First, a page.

Fix a fried Asus RT-N16

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Fix a fried Asus RT-N16

A few weeks ago we had some power fluctuations that resulted in the power flickering on and off a handful of times before going out completely. Every time this happens, I hold my breath right after the power comes back on and hope that none of my beloved electronics are fried; but this time, I wasn’t so lucky. My Asus RT-N16 router was toast.

Symptoms: When I plugged the power adapter into the router, the power light came on for a few seconds. Shortly afterwards I would hear a slight “click” and the device would just power down.

This definitely sounded like a power issue, so I wasn’t hopeful. But knowing that my warranty had long expired, I was definitely going to peel it open and check out the situation. Before I got the screw drivers and soldering iron out, I plugged in the wall wart and did a quick voltage test to ensure that wasn’t the culprit. 12.56V output from this 12V 1.25A power adapter was definitely within spec.

The RT-N16 case is a simple assembly; remove the 4 sticky rubber feet to uncover 4 philips-head screws. After removing the screws, the top pops right off with ease. Upon inspecting the circuitry, I immediately noticed a 680uF capacitor that had crowned a bit. I de-soldered this  capacitor and scrounged around until I found a 480uF capacitor (close enough). I know it’s a major pain to solder through-hole components into vias that have already been used, so I just soldered a couple of wires to the bottom of the board and soldered my new capacitor to the other end of the wires. A bit of masking tape for mounting (couldn’t find my hot glue gun), and we were back in business.

Hopefully this will encourage a few people out there to break the warranty seal and poke around for themselves. I’m sure there are tons devices out there that have been thrown away and replaced when the fix was a $0.5 capacitor and 15 minutes of time.

Bad capacitor in Asus RT-N16 Bad capacitor in Asus RT-N16 Asus RT-N16 capacitor replaced


Comments ( 44 )

  1. ReplyChris Snyder
    Funny thing. I just had the same thing happen to my RT-16. So I popped it open and found the exact same cap bulging. After fighting for two hours with it (I now understand your point about re-using through hole vias. ugh!) I have a new cap and a working router again. However, I had alsready replaced it with a new rt-16 so now I have two. Heh. Radio Shack only had a choice of a 470uF or 1000uF cap, so I opted for the 1000uF. I figure it will either die quickly or not. And I'm not worried about the 1000uF possibly screwing up the wireless as I'll probably disable wireless on the repaired unit and maybe load dd-wrt on it and use it as a gateway/firewall for my home nework. Anyway - you're not alone on this repair. Your page was handy and confidence building. Thx, Gopher.
  2. ReplyZbigniew Zasieczny
    I had the same issue caused by a crowned 480uF capacitor. My rt-n16 worked continuously for over a year (hooked up to a UPS) sharing a powered USB drive but one evening suddenly switched off. After replacing the faulty cap with a 1000uF/25V one (which has a smaller diameter and can be soldered directly to the bottom ends of the original cap's leads) the unit got back to life. Thanks for pointing the right direction.
  3. ReplyMILAN
    Thanks a lot my friend! You saved me $80
  4. ReplyMichael Brock
    I have this exact same problem! I diagnosed it from some forum thread and I have a 680uF capacitor on its way. Can you explain the issues with re-using the via and more details on how you got around it by using the wires? (maybe pictures of the bottom if you have any).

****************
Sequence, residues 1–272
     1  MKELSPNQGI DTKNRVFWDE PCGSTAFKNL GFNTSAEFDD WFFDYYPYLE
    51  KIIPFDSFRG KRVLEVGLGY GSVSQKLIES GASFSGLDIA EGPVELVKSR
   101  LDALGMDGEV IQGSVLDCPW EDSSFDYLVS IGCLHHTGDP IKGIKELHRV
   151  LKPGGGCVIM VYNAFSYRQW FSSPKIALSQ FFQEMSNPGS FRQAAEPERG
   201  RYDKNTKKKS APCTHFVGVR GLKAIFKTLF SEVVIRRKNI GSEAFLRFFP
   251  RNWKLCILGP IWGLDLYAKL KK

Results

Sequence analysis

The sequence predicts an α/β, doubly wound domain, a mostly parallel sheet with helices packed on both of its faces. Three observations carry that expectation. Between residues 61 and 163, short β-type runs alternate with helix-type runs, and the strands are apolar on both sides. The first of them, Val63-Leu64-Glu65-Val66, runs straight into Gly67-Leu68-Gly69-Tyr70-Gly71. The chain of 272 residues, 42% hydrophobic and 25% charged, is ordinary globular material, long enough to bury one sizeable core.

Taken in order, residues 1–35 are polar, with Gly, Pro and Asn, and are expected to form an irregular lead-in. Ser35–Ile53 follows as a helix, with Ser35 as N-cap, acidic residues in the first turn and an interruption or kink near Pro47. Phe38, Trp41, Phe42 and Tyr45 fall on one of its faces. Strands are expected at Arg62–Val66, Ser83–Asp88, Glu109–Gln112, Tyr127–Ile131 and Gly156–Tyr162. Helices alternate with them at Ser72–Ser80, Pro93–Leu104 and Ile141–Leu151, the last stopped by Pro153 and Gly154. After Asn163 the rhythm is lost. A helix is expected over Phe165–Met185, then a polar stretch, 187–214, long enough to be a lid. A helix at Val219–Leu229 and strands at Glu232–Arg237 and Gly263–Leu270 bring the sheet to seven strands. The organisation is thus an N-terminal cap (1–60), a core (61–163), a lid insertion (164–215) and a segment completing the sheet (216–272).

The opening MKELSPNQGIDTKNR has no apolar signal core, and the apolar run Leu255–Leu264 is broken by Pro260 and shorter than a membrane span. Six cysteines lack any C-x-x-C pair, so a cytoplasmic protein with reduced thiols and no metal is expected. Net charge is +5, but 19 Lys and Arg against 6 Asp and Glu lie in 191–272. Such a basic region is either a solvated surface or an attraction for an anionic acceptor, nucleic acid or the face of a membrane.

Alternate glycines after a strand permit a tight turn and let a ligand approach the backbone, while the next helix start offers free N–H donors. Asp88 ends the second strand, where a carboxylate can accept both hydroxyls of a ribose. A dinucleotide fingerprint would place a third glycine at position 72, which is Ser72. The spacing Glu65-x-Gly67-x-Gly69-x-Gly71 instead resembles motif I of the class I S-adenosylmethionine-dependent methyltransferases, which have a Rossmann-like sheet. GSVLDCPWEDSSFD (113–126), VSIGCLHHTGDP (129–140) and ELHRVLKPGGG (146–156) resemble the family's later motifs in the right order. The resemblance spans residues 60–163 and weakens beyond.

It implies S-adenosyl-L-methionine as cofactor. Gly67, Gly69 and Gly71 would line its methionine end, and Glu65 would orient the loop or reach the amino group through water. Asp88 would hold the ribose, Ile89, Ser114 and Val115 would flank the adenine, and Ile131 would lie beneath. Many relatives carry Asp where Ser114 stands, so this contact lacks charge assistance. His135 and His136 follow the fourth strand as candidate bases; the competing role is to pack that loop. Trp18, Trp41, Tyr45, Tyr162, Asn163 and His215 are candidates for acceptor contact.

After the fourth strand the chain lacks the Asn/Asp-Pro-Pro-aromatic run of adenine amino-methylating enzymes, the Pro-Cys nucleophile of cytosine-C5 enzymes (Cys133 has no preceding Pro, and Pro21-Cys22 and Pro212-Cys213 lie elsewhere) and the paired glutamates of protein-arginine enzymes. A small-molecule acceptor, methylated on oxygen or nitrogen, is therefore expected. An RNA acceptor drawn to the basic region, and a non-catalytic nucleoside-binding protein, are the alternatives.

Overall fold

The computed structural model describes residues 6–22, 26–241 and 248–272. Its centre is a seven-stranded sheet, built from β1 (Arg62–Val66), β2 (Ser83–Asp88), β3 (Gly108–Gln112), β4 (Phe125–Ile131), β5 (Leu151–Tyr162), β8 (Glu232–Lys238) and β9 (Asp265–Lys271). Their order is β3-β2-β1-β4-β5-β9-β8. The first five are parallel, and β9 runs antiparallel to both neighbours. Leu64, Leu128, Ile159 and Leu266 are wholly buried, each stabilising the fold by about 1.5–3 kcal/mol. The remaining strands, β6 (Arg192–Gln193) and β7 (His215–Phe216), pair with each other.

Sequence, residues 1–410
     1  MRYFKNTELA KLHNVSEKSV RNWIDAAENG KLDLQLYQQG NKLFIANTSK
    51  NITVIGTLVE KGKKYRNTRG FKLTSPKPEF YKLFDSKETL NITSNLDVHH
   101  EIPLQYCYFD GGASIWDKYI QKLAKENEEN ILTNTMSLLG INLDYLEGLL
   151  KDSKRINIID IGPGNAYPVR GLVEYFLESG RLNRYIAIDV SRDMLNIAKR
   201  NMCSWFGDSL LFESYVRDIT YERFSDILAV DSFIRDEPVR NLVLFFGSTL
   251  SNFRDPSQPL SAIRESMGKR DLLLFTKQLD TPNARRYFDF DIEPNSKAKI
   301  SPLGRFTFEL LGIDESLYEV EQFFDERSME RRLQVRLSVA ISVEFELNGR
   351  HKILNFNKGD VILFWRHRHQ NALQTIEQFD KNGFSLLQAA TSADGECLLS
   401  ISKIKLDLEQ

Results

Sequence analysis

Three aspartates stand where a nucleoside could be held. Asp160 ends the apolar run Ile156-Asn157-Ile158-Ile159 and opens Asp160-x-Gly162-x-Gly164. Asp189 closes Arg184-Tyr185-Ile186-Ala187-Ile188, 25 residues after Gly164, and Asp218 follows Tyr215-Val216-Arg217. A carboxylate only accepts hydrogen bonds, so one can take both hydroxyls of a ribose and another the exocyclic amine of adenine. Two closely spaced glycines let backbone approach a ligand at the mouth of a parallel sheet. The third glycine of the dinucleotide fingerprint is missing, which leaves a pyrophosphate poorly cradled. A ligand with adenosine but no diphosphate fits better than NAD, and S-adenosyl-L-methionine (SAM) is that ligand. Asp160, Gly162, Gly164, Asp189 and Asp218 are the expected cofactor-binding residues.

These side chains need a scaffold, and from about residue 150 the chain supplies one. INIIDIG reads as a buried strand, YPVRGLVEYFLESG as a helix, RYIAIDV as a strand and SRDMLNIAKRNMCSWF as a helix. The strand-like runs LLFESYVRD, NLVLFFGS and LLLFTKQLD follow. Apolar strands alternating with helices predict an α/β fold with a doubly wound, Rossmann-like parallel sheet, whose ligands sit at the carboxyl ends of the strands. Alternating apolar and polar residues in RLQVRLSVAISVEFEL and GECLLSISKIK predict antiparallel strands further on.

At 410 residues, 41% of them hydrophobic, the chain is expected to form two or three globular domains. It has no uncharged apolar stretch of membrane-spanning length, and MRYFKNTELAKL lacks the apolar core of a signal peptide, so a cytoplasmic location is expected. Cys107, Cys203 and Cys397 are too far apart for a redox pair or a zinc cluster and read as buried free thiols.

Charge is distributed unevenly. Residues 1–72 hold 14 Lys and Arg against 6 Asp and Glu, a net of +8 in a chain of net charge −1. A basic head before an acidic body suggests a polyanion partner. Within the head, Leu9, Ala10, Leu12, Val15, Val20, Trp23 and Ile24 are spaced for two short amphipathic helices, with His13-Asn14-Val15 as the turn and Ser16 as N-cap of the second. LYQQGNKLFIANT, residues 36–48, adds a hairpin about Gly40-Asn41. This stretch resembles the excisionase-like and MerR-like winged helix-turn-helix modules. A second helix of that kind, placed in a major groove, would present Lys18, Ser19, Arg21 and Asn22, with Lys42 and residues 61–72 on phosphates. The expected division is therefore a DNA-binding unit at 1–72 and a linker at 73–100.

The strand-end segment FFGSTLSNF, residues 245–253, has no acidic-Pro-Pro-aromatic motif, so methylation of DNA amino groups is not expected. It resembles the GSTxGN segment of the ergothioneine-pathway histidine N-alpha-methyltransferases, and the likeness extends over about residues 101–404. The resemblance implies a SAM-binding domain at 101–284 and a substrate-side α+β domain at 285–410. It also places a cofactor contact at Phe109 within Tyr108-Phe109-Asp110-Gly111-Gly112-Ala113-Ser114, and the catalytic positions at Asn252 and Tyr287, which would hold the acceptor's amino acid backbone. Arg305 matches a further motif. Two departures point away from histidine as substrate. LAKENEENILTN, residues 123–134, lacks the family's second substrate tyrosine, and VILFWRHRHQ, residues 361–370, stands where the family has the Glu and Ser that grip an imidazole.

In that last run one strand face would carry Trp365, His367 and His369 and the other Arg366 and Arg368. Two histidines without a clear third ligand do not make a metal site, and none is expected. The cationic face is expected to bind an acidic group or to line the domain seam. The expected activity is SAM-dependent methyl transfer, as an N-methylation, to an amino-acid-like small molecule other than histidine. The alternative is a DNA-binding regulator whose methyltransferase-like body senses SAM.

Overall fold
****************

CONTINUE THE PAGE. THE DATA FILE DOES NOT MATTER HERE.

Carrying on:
• ReplyAuthoradmin
      Sorry, I don't have any pictures of the wiring work around. Basically if you de-solder something from a through-hole via, solder will remain in and around the via making it very difficult to reuse. Another option is to use a solder removal method such as copper braid or and solder bulb which is akin to a turkey baster on the end of a soldering iron. If you can easily clean the vias out, you shouldn't have any issue reusing them. Otherwise, use the pads around the vias to create a solder "pad" and run some fine wire around to the top of the board and to your capacitor. Either way you are accomplishing the same thing. Good luck, hope this helps!
  5. ReplyMichael Brock
    That definitely helped! I have both a piston-powered solder sucker and coper braid. I just wanted to make sure there wasn't something I was overlooking. I'm glad I checked back; I didn't think my post had gone through as the "resistor value" captcha was broken.
  6. Replynzcym
    After two to three (2~3) years continuously working, my RT-N16 stopped working; well, it's the same "exploded capacitor" issue. Thanks for you tip.
  7. ReplyAvinash
    Hi, Thanks for the guide. I used an RT-N16 for more than 3 years. Then it turned on and turned off a few seconds later, until a point when it didn't turn on at all. I changed the same capacitor (470uF , 16v) and its back in action. I almost put it away and might have bought another one
  8. ReplySully
    Same problem. Love this router's specs, really didn't want to replace it. Noticed wireless performance degrading over several months, finally stopped turning on. Took it apart, the same cap was bulged on mine. Replaced with RShack 1000uF cap and back to working great. Thanks for the heads up.
  9. Replychupstix
    Thanks for the guide. I had the same problem on my RT-N16: WiFi was very slow and unstable for a few days, and after a while the router powered off by itself and crashed a few seconds after boot. Substituting the capacitor with a 1000uF/25V seems to have done the trick! Thanks again
  10. ReplyMild
    Thank you! Ran into the same problem and thanks to the guide I knew exactly where to look. Sure enough, the same cap was bulged out. A 680uF 25V replacement did the trick and I'm back in action!
  11. ReplyFrank
    Would a higher value just buffer more power and just have negligible benefit or would having as close to the original value as possible be best? I don't mind getting a 1000uf from RShack, since I feel like more is better. But it doesn't always work that way..